5. Once again, the Eagles' offensive balance was one of their biggest weapons. Good luck trying to figure out where the ball is going. Alshon Jeffery was 5 for 85. Zach Ertz 8 for 93. Torrey Smith 5 for 69. Nelson Agholor 3 for 59. All four of those guys caught at least one deep ball. When Foles was having his All-Pro season in 2013, he always spread the ball around like this, and, man, this felt just like it. I thought Ertz was a beast, once again proving wrong everybody who says he doesn't get any yards after the catch. Jeffery, you could just see him and Foles developing more and more chemistry over the past few weeks, and he is such a weapon in the end zone. Smith had a bad drop early but made up for it with the TD on the flea flicker. And Agholor continues to just do his job.
6. And think about this: The Eagles are the first team since the 1996 Packers to win the NFC without a 1,000-yard receiver or rusher. Who was on that 1996 Packers team? Doug Pederson.
7. The Eagles' defense heard the national media blabber all week about how the Vikings' defense was the best in the NFL, and then it went out and showed the world who actually has the best defense in the NFL. This was another monumental performance by the Eagles' defense, holding a decent Vikings offense to just seven points on one early touchdown. This Eagles defense just gives you nothing. It's playing incredibly well as a unit. Tremendous pressure. Consistent coverage. Terrific tackling. This unit has now allowed six touchdowns and 59 points in its last seven home games, which is absolutely absurd. The challenge will be more difficult on Feb. 4 in Minneapolis, but the way this defense is playing, nothing would surprise me.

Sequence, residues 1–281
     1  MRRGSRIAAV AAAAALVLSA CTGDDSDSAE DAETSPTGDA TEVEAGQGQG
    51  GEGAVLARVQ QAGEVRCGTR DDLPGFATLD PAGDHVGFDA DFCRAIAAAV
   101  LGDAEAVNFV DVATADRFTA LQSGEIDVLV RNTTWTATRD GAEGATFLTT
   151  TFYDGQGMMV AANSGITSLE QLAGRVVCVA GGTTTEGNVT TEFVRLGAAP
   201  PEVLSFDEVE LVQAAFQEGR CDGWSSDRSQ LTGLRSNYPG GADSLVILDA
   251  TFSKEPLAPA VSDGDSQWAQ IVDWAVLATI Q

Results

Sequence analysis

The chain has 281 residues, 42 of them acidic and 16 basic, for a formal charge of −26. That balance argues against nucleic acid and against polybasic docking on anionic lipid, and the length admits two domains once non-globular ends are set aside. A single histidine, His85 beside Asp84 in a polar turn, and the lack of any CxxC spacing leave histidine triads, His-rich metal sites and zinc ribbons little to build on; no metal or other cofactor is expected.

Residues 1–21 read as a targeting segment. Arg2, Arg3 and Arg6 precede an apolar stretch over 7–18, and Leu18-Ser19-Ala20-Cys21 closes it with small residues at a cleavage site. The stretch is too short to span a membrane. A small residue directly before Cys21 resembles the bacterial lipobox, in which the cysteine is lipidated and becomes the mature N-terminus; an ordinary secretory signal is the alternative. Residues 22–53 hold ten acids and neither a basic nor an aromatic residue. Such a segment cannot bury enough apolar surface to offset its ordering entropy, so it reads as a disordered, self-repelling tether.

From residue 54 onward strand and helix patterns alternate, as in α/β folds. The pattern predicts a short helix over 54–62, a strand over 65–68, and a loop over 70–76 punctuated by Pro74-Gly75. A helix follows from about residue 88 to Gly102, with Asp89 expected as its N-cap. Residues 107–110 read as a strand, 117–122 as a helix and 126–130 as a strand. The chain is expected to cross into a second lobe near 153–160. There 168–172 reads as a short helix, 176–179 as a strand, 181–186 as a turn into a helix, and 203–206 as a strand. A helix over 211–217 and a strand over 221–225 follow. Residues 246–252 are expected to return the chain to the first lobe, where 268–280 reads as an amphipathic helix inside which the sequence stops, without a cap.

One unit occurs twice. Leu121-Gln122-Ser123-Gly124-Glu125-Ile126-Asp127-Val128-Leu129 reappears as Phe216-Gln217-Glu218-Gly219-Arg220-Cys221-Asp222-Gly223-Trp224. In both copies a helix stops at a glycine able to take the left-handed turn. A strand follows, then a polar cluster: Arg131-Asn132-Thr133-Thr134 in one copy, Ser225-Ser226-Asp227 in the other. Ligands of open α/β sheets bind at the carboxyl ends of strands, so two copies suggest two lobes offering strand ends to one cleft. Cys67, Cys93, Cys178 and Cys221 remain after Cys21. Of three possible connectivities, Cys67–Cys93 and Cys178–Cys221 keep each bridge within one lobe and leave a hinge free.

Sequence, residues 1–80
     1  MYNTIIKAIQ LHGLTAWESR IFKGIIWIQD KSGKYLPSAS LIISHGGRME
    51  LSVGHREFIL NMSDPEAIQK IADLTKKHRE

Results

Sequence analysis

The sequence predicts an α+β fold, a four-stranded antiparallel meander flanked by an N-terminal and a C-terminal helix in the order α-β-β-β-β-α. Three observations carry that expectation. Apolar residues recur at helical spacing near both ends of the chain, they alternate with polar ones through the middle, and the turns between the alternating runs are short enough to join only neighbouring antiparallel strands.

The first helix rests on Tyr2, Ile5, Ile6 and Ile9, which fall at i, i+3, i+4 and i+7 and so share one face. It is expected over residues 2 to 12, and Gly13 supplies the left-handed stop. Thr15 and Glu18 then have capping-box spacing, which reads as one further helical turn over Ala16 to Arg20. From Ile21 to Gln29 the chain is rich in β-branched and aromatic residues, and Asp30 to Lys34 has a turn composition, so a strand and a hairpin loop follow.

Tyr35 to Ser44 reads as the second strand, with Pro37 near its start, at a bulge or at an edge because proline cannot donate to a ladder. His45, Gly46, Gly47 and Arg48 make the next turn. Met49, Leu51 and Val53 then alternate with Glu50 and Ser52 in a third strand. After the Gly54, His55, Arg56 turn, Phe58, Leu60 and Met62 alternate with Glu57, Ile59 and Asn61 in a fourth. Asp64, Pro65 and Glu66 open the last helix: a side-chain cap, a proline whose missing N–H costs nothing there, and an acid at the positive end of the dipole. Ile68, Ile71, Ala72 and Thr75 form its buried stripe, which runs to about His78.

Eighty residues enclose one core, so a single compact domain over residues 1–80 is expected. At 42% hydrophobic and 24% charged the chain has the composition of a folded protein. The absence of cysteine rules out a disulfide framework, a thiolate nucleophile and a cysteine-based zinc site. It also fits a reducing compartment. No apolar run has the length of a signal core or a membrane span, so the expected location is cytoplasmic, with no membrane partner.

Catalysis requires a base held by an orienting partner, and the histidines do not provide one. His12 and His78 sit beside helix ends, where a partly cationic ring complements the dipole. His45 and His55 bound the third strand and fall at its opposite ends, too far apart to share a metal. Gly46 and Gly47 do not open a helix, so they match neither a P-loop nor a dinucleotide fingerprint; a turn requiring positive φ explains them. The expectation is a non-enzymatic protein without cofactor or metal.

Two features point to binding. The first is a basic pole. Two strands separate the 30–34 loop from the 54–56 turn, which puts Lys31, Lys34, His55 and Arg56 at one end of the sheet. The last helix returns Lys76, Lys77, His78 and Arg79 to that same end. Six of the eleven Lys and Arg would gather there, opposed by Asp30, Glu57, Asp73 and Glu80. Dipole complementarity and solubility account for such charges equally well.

8. How great was it that after throwing the ball up and down the field all night, the Eagles were able to run the clock in the final minutes running the ball? After Corey Graham's interception with six minutes left, Jay Ajayi, LeGarrette Blount and Corey Clement ran six times for 40 yards to run out the clock. The Eagles haven't been super consistent running the football the last few weeks, but even with that big lead and the Vikings crowding the line of scrimmage, they were able to run clock effectively and move the chains. Those three backs combined for 26 carries for 114 yards. That's going to be huge once they build up a big lead over the Patriots in two weeks.
9. Here's a list of quarterbacks in NFL postseason history who've completed 75 percent of their passes in back-to-back games: Joe Montana. And Foles.
10. Eagles-Patriots. Once again everybody is going to pick the Eagles to lose. Once again, I'm going to repeat this over and over and over: Doubt the 2017 Eagles at your own risk.